Very few projects in an organization are completely new, where nothing like this has ever been done before. Check around. See if you can find earlier, successful projects that share common characteristics with the one you’re currently working on. Find the project owner and ask questions such as:
- How did you approach this?
- What were some of the smart things you did?
- If you had it to do over, what would have done differently?
- What are some of the hidden project pitfalls?
- What are some of the hidden organizational pitfalls?
- Who else should I talk to?
These conversations will not only give you perspective towards resolving your project’s ambiguity, but they will also provide a great opportunity to expand your network within your organization.
Step 4 – Create a vision and define a conceptual plan
By now you know your project’s purpose, have some boundaries, have detailed your assumptions, and have broadened your experience set by talking to others. You still may not know exactly what you have to do or how to do it, but it’s time to put a stake in the ground. You need to create your vision for the project. As you do this, you may find that there are multiple ways to approach your project. Narrow your list to no more than three approaches.
Putting together a presentation will help you lock in your thinking. Create the following sections / slides as a starting point. You will also want to add other sections that are relevant to your specific project.
- Assumptions (Note that not all the assumptions on your list should be discussed publicly.)
- Strategy / Approach
- Strengths & Weaknesses Analysis (of your single or multiple proposed approaches)
- Expected Results
Step 5 – Share your vision as a “Strawman” proposal
A “strawman” proposal is purposefully intended to generate discussion and directional input, rather than seeking approval or disapproval. This is the perfect framing for your discussion, since your plan will not be completely fleshed out and this is simply concept clarification.
This conversation could be formal or informal depending upon the scope and complexity of your project. If you and your manager determine that there are other stakeholders who should participate in this conversation, you may want to recruit a colleague to take detailed notes. That way you can completely focus on the conversation.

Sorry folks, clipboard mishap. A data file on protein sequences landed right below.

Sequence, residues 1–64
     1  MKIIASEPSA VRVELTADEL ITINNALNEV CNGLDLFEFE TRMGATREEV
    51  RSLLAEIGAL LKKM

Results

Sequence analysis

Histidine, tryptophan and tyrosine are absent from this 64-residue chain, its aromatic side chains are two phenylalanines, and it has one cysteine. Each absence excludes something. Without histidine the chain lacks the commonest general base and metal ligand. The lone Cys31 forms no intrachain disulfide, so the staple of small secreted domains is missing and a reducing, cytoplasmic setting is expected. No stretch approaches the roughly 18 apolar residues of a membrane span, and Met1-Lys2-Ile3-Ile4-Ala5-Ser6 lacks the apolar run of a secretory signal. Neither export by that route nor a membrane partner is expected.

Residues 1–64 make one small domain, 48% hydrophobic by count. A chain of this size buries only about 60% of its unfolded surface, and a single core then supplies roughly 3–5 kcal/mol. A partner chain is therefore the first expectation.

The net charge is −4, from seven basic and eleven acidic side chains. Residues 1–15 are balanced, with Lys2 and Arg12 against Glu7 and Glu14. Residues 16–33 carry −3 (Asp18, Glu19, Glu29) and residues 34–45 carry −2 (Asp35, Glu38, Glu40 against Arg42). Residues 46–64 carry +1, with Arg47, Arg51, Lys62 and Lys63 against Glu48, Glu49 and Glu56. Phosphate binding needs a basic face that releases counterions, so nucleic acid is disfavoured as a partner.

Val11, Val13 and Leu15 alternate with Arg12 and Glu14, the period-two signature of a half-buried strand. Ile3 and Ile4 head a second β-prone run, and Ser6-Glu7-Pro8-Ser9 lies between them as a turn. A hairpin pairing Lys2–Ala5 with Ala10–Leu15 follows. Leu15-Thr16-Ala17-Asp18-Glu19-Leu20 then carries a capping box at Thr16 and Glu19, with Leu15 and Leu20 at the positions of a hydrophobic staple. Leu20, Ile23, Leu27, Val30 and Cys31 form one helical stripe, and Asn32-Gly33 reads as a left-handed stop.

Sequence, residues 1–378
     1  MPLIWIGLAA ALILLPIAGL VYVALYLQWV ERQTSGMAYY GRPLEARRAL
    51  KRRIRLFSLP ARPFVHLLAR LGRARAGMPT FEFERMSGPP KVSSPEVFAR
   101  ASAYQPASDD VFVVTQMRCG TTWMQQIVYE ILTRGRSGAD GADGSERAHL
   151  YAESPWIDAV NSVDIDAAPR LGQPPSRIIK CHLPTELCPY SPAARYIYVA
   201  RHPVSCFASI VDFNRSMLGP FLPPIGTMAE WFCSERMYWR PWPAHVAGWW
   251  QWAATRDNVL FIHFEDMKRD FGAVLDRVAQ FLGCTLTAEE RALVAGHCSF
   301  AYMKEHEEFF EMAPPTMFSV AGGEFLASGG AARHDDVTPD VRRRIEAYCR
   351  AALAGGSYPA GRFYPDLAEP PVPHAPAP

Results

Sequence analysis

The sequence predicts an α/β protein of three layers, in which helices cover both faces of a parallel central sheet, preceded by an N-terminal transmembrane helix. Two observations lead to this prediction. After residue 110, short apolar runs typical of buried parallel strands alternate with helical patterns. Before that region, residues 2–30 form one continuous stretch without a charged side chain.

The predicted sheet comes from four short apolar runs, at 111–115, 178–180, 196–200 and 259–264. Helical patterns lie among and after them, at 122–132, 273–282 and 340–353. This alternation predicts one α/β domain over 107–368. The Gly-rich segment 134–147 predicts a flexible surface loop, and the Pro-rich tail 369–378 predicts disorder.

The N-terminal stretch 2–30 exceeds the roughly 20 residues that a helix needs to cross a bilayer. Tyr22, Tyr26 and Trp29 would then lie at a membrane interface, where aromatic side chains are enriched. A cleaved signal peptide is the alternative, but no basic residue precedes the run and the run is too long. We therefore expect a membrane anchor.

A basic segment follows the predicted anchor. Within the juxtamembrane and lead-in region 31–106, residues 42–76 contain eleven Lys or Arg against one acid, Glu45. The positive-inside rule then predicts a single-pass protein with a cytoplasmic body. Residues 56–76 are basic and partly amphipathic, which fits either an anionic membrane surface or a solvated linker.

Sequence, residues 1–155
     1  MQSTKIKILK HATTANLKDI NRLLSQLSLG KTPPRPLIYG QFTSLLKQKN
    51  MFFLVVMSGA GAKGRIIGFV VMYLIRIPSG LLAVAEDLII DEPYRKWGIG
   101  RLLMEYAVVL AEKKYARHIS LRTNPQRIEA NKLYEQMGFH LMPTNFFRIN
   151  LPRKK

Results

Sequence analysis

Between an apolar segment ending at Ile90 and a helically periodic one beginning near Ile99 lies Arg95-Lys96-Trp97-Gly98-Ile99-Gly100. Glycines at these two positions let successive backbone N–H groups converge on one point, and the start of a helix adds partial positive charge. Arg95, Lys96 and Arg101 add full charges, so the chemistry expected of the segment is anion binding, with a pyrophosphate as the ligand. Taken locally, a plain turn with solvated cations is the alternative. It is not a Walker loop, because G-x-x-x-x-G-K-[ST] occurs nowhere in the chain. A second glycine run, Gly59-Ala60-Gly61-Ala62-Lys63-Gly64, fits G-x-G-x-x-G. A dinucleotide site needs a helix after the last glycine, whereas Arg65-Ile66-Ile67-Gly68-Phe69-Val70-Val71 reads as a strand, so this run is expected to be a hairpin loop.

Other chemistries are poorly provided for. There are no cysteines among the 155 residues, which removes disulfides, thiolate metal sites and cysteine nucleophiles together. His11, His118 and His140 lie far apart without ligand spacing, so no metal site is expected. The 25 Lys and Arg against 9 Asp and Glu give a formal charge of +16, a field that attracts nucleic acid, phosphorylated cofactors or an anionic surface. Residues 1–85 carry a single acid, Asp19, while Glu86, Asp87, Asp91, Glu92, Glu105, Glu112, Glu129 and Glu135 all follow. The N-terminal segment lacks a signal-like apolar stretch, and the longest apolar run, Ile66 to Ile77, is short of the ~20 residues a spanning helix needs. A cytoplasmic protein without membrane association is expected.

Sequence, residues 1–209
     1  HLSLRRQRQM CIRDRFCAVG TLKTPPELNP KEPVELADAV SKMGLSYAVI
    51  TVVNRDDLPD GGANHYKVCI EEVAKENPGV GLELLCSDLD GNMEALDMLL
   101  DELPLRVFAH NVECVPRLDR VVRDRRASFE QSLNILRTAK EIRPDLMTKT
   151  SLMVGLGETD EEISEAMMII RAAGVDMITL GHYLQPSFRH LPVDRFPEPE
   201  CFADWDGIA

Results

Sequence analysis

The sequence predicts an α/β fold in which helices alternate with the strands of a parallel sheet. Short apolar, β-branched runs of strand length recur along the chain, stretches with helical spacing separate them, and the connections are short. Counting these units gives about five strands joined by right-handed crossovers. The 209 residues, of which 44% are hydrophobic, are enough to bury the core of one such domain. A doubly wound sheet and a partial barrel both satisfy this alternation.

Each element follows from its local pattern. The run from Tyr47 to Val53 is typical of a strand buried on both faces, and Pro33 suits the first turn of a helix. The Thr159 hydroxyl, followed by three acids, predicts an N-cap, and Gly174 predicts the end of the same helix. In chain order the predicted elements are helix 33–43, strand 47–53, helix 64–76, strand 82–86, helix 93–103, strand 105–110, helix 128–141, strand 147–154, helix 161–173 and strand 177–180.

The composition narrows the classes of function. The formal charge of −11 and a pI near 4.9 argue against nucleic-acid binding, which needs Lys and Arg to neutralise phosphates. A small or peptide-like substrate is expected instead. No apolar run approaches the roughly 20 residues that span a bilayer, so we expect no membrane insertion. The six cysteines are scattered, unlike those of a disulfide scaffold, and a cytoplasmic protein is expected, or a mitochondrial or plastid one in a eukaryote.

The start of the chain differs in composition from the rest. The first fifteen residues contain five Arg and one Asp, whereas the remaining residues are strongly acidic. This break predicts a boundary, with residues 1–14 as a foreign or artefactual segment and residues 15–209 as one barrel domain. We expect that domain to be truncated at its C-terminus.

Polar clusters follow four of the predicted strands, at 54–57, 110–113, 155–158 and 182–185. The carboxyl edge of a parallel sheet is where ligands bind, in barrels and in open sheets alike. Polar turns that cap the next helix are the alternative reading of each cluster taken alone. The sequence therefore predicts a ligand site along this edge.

Be sure to pre-plan discussion questions through your presentation. For example:
- Objective – Is this accurate?
- Boundaries – Are these accurate? What boundaries am I missing?
- Assumptions – Are these good assumptions? Are there other facets I should be considering?
- Strategy / Approach with strengths and weaknesses assessment – Do you think this will be
effective? (If multiple approaches, present all. Which approach do you recommend and why?)
- Expected Results – Is this sufficient? Is this feasible?
Through the session, listen carefully and don’t get defensive if your vision is off track. Remember that the purpose of this session is ambiguity resolution, not approval.
Thank the participants for their input.
Keep in mind that running this type of session is also great experience and exposure!
Step 6 – Redefine
Now that you’ve gotten feedback, the ambiguity should be melting from the project. Clarify your project’s purpose, select a strategy, and define the tactics necessary to complete your project. Confirm with you manager and key stakeholders that you’re on the right track.
Step 7 – Go!
But remember, with projects that start with a great deal of ambiguity, things may shift mid-stream. Provide frequent status updates to key stakeholders to be sure you’re still on track and that things haven’t changed in the outer world, while you’re focused on your project’s inner world. You’re not necessarily asking for feedback with each update. You’re just keeping stakeholders aware of the path you’re on in case there’s information that should be shared with you.
Successfully completing your first project that simply had “Go!” as its marching orders, will give you the confidence that you can work effectively through ambiguity. You may never fully embrace ambiguity, but you will know you can tolerate it and be successful within that environment.